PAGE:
An ode to Lord Shiva

An ode to Lord Shiva

An ode to Lord Shiva

Sometimes you are headed towards a certain destination without realising that the journey en route may spring a surprise on you.

Something similar happened to me on a recent trip from Pattadkal to Badami. The driver of my taxi recommended that I stop by at the Mahakuta group of temples.

I was rather surprised, since I had not heard about it before, but I agreed.

A mixed group

I was very glad that I took the decision as this was a hidden gem, waiting to be recovered.

The landscape was scenic and I was pleasantly surprised to see corn plantations being harvested by farmers on the way.

Located in Mahakuta, a town in the Bagalkot district of Karnataka, this is an important place of worship with a well-known Shiva temple.

At the entrance, I came across an inscription that said that this place was a part of the ancient capital of Badami.

All the temples in this complex belong to either the 6th or 7th Century and were constructed by the early kings of the Chalukya dynasty of Badami.

A huge blackstone temple chariot was seen outside, giving us a sneak peek into what to expect inside the temple complex.

A large beige-coloured archway and a few steps led us to the entrance of the enclosure that housed the group of temples of Mahakuta. Just outside the temple complex, is a small shrine for Ganesha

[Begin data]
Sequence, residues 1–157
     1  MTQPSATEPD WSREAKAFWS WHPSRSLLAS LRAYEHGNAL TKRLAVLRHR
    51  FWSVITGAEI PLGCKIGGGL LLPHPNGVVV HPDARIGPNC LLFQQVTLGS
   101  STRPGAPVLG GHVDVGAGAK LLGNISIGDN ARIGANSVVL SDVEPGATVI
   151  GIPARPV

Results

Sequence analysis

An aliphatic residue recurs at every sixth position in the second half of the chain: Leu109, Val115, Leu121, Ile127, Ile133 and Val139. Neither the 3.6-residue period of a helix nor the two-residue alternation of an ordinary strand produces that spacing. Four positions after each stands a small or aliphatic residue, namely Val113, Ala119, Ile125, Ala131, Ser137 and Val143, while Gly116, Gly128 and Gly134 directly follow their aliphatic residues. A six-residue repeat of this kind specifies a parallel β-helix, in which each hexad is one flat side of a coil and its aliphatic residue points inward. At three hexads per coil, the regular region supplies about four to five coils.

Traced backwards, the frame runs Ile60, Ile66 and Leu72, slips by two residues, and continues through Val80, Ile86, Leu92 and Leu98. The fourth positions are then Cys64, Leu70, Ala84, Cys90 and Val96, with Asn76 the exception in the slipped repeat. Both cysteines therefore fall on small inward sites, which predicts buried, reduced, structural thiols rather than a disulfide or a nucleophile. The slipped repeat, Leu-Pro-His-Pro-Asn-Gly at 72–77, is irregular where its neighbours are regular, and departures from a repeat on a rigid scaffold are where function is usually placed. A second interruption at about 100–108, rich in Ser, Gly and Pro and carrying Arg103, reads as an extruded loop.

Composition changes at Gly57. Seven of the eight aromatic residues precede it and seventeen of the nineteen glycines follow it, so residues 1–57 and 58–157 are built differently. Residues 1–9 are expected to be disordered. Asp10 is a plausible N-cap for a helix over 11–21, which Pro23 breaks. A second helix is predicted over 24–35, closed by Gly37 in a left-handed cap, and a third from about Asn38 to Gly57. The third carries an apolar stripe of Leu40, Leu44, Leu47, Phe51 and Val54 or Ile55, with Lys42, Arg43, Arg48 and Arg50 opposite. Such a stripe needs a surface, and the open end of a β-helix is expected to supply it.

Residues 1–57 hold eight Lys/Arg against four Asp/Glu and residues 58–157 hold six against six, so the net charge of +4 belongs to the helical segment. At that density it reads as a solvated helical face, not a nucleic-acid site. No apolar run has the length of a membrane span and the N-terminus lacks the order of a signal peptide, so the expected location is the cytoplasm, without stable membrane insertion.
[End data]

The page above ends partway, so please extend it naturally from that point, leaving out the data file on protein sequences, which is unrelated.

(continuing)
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Upon enquiring, I found out that a small cradle with a miniature Ganesha statuette was being swung across this tank by childless couples to pray for children.

As we entered the premises, I was struck by the sheer number of beautifully crafted stone sculptures and statutes here. The complex has a lovely green cover with banyan and other huge trees surrounding the stone architecture which makes for a brilliant visual sight.

The centre stage here is a water body in the form of the large tank called the Vishnu Pushkarni and an ablution tank called Papavinasha Tirtha, fed by a natural mountain spring that flows within the temple complex.

What is surprising is that, the place is silent at the entrance, but the pond is crowded with swimmers, revealing the architectural prowess of the Chalukyas in soundproofing. The place itself is scenic but could use better maintenance.

The Dravidian style Mahakutesvara Temple (after which the place is named) and the Mallikarjuna Temple are the largest in the vicinity.

There is a small shrine at the centre of the Vishnu Pushkarni and in it is a four-faced Shiva Linga.


There are several shrines of Vishnu, Varaha and Veerabhadra. Mahaakuta is also called ‘Dakshina Kashi’ due to the presence of many Shiva lingas.

As we were coming out of the complex, we chanced upon a villager selling thick and fresh curd in earthen pots, a speciality of the region. Mahakuta is 15 km from Badami and 10 km from Pattadakal.

The temples are open from 6 am to 6 pm. Since there is no place to stay at Mahakuta, Badami is the best option for accommodation. It is ideal to use a local taxi service as public transport is rare.

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